In hostile territories
It is a beautifully sunny Tuesday evening and Dalkey is looking especially resplendent. Shops are closing on Castle Street — the prosperous coastal town’s main drag — and crowds are gathering outside The Queen’s Bar and Restaurant to enjoy an al fresco drink. Just before 6.30, a row of cars drive into the church car park and soon a group of 15 gathers. There are eight women and seven men and while there is a healthy proportion of senior citizens, some are in their 30s too. Red bibs bearing the logo of Save the 8th are put on and the group — under the leadership of local woman Mairead Hughes, founder of Cherish All the Children Equally, talk about which parts of the town they will canvass tonight. Armed with a stack of flyers each, they leave the car park and head for the pretty residential streets immediately behind The Queen’s.
They are strategic about how many houses they can visit in 90 minutes — the feeling is that 8pm is about as late as they can knock on doors. Paul Twomey, who is out with his wife Elizabeth, has studied the maps carefully and issues friendly orders.
The campaigners go to each house in pairs — usually a man and woman — and there’s no answer in about half. But when the door is opened, and the occupier sees the canvassers, there’s politeness, irrespective of whether they intend to vote yes or no.
Donegal native Claire Duffy says she enjoys the experience of canvassing and advocating a no vote. Like her colleagues, she does not try to convince those who say they will vote yes, but thanks them for their time and wishes them well.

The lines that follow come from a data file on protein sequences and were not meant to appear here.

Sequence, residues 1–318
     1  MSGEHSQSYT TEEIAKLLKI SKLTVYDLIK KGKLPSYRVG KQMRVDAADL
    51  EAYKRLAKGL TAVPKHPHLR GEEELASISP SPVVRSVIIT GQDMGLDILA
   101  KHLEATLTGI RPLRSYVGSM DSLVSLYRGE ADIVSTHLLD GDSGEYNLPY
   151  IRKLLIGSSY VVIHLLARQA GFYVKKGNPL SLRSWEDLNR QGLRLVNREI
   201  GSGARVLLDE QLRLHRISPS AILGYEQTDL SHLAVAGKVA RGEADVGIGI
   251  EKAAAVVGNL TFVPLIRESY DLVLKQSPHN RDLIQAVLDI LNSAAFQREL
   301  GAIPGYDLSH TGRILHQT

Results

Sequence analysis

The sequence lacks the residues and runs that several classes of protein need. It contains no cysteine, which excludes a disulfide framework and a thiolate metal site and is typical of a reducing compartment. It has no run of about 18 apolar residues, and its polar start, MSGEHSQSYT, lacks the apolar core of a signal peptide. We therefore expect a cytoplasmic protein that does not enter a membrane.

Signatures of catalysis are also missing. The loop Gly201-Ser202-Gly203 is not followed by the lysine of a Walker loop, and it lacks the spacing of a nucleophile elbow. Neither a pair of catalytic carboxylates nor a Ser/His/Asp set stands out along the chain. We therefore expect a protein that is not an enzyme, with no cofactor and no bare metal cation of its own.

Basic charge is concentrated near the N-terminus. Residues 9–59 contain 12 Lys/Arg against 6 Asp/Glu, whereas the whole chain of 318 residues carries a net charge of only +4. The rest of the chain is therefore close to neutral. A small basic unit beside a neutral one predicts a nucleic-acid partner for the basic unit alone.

Few people are undecided, but it seems as though at least half of those who open their doors say they will vote against the right to have an abortion. Most of them are older people. Duffy urges them to encourage similar-minded friends to get out to vote and asks them if they would like to take a car sticker promoting a pro-life message. Most accept one.
Dalkey is in the heart of what’s long been regarded as the country’s most liberal constituency, Dún Laoghaire. In 1983, 58pc of voters here rejected the amendment to the constitution that gave equal rights to the unborn child and the mother. It was one of just four constituencies in the country that rejected the amendment — all were in Dublin and Dún Laoghaire was by far the highest.
The same sex marriage referendum of 2015 saw almost 72pc of voters in the constituency give a yes vote — significantly higher than the 62pc national average. But it wasn’t the most liberal constituency — other Dublin areas with a younger age profile voted yes in higher proportions.
“I don’t like the word ‘liberal’,” says Bernard Roche, an 80-year-old volunteer who has been canvassing in the Dún Laoghaire constituency for months. “What it is is permissive.”
The sunny weather has lifted the spirits of everyone. “It’s lovely tonight,” he says, “but I’ve been out in all weather. I think it’s important to get our point across because there are so many undecided people out there.”
The latest opinion poll, published in the Sunday Independent last weekend, showed that 18pc of respondents are undecided and the proportion saying they will vote yes has declined sharply, and now stands at 45pc.
Like many in the group, Roche says he encounters people every day who are concerned about what’s being proposed. “It’s not just repealing the amendment,” he says, “it’s allowing abortion
Save the Eighth: Elizabeth Twomey with campaigners for the No vote in the upcoming referendum on the 8th Amendment, canvassing in Dalkey.
Therese Kelly used to be pro-choice, but is now canvassing for a No vote.